Which Sequence Represents An Arithmetic Sequence? (Question)

An arithmetic progression, or arithmetic sequence, is a sequence of numbers such that the difference between the consecutive terms is constant. For instance, the sequence 5,7,9,11,13,⋯ 5, 7, 9, 11, 13, ⋯ is an arithmetic sequence with common difference of 2.

Contents

What are the 5 examples of arithmetic sequence?

= 3, 6, 9, 12,15,. A few more examples of an arithmetic sequence are: 5, 8, 11, 14, 80, 75, 70, 65, 60,

What are 2 examples of arithmetic sequence?

An arithmetic sequence is an ordered set of numbers that have a common difference between each consecutive term. For example in the arithmetic sequence 3, 9, 15, 21, 27, the common difference is 6.

How do you find the arithmetic sequence?

The arithmetic sequence formula is given as, an=a1+(n−1)d a n = a 1 + ( n − 1 ) d where, an a n = a general term, a1 a 1 = first term, and and d is the common difference. This is to find the general term in the sequence.

What is the common difference arithmetic sequence?

In arithmetic sequences, the common difference is simply the value that is added to each term to produce the next term of the sequence.

What is arithmetic sequence and series?

An arithmetic sequence is a sequence where the difference d between successive terms is constant. The general term of an arithmetic sequence can be written in terms of its first term a1, common difference d, and index n as follows: an=a1+(n−1)d. An arithmetic series is the sum of the terms of an arithmetic sequence.

What sequence is formed by the reciprocals of the arithmetic sequence?

A harmonic progression is a sequence of real numbers formed by taking the reciprocals of an arithmetic progression. Equivalently, it is a sequence of real numbers such that any term in the sequence is the harmonic mean of its two neighbors.

Which of the following is not arithmetic sequence?

The following are not examples of arithmetic sequences: 1.) 2,4,8,16 is not because the difference between first and second term is 2, but the difference between second and third term is 4, and the difference between third and fourth term is 8. No common difference so it is not an arithmetic sequence.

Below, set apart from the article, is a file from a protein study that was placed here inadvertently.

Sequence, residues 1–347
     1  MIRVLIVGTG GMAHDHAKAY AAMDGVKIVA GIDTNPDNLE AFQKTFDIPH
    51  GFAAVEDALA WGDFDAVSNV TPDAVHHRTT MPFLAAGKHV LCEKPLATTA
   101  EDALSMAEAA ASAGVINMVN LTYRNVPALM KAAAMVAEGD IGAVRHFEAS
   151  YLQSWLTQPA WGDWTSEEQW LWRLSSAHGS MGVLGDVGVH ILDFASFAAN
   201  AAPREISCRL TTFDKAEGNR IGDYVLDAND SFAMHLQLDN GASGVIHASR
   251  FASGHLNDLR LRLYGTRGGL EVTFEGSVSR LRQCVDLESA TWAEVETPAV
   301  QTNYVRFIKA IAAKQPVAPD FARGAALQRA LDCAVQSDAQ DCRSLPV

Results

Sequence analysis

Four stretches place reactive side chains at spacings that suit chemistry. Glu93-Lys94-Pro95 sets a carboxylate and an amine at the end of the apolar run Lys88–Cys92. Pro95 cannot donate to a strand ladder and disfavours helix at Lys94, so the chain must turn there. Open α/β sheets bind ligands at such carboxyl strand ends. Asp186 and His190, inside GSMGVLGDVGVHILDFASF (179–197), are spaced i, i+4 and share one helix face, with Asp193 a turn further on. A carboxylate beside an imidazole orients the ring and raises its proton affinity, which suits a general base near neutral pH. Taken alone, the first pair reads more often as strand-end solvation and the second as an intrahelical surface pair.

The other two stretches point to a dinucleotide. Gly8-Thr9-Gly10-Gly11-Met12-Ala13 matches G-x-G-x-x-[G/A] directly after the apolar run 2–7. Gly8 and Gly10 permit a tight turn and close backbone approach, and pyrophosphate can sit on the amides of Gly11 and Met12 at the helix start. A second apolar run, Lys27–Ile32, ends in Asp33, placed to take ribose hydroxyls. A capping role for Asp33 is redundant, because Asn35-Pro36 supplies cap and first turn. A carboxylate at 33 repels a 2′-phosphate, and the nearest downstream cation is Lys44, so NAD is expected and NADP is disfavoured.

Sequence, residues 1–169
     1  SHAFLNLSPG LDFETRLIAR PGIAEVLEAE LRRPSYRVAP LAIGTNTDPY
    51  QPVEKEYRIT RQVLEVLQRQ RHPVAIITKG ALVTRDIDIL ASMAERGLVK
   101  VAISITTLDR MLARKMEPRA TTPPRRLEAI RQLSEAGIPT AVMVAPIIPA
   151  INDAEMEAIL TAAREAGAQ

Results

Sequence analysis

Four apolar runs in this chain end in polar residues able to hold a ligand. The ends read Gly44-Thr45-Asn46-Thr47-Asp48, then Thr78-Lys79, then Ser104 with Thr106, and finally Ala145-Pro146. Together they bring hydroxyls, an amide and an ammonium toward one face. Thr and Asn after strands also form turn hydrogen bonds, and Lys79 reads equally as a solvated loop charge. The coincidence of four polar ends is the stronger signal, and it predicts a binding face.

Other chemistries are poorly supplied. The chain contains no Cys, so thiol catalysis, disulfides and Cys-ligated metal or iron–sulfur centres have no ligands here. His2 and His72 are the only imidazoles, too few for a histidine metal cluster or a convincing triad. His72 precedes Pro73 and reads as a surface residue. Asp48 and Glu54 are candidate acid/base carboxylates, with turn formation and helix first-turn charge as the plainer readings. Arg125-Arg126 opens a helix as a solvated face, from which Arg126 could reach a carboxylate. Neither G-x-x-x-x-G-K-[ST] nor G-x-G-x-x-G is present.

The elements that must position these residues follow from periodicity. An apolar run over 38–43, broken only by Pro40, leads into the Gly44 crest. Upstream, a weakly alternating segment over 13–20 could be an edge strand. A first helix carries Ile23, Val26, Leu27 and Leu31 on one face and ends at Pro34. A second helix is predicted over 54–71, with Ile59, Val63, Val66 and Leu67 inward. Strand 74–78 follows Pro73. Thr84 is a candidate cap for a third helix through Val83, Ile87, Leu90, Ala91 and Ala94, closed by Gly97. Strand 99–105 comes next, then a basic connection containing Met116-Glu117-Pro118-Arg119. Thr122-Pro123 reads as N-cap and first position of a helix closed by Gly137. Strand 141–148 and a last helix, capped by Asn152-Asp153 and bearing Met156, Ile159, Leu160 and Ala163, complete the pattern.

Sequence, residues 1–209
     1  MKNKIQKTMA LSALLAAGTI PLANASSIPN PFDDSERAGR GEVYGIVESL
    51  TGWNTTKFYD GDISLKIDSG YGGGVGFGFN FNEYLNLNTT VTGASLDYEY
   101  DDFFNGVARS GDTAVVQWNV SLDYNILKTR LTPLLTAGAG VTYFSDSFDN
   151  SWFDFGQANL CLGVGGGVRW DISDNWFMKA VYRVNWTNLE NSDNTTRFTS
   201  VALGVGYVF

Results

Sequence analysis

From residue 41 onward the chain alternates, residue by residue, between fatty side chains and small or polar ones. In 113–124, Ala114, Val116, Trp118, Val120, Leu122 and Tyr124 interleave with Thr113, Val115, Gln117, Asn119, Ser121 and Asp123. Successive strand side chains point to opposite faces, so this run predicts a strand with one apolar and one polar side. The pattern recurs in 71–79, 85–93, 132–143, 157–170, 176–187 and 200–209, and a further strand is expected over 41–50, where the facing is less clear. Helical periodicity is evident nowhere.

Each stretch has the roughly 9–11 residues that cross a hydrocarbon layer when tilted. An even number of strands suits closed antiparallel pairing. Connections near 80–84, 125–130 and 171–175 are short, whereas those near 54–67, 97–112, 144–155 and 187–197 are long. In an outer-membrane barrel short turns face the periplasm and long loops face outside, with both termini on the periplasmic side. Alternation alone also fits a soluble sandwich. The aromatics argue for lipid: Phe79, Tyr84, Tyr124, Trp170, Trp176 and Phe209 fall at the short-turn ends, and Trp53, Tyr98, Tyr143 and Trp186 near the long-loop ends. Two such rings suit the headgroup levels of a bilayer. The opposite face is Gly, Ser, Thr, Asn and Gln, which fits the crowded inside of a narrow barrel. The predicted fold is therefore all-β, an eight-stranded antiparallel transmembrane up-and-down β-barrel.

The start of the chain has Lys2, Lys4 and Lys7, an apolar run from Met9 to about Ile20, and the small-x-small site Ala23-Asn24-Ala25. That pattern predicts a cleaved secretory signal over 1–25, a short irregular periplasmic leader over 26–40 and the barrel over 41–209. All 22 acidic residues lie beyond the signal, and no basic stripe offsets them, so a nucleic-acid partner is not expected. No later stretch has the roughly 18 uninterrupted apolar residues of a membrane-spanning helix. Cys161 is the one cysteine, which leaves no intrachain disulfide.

How can I differentiate an arithmetic sequence from other forms?

An arithmetic sequence is a sequence of numbers that is calculated by subtracting or adding a fixed term to/from the previous term. However, a geometric sequence is a sequence of numbers where each new number is calculated by multiplying the previous number by a fixed and non-zero number.

Introduction to Arithmetic Progressions

Generally speaking, a progression is a sequence or series of numbers in which the numbers are organized in a certain order so that the relationship between the succeeding terms of a series or sequence remains constant. It is feasible to find the n thterm of a series by following a set of steps. There are three different types of progressions in mathematics:

  1. Arithmetic Progression (AP), Geometric Progression (GP), and Harmonic Progression (HP) are all types of progression.

AP, also known as Arithmetic Sequence, is a sequence or series of integers in which the common difference between two subsequent numbers in the series is always the same. As an illustration: Series 1: 1, 3, 5, 7, 9, and 11. Every pair of successive integers in this sequence has a common difference of 2, which is always true. Series 2: numbers 28, 25, 22, 19, 16, 13,. There is no common difference between any two successive numbers in this series; instead, there is a strict -3 between any two consecutive numbers.

Terminology and Representation

  • Common difference, d = a 2– a 1= a 3– a 2=. = a n– a n – 1
  • A n= n thterm of Arithmetic Progression
  • S n= Sum of first n elements in the series
  • A n= n

General Form of an AP

Given that ais treated as a first term anddis treated as a common difference, the N thterm of the AP may be calculated using the following formula: As a result, using the above-mentioned procedure to compute the n terms of an AP, the general form of the AP is as follows: Example: The 35th term in the sequence 5, 11, 17, 23,. is to be found. Solution: When looking at the given series,a = 5, d = a 2– a 1= 11 – 5 = 6, and n = 35 are the values. As a result, we must use the following equations to figure out the 35th term: n= a + (n – 1)da n= 5 + (35 – 1) x 6a n= 5 + 34 x 6a n= 209 As a result, the number 209 represents the 35th term.